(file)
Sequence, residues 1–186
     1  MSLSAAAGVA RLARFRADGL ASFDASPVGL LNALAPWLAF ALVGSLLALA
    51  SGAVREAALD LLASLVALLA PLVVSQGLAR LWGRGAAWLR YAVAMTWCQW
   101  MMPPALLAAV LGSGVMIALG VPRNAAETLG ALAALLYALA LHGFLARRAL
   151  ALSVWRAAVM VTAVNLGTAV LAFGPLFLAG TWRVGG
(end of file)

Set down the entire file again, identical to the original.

Sequence, residues 1–186
     1  MSLSAAAGVA RLARFRADGL ASFDASPVGL LNALAPWLAF ALVGSLLALA
    51  SGAVREAALD LLASLVALLA PLVVSQGLAR LWGRGAAWLR YAVAMTWCQW
   101  MMPPALLAAV LGSGVMIALG VPRNAAETLG ALAALLYALA LHGFLARRAL
   151  ALSVWRAAVM VTAVNLGTAV LAFGPLFLAG TWRVGG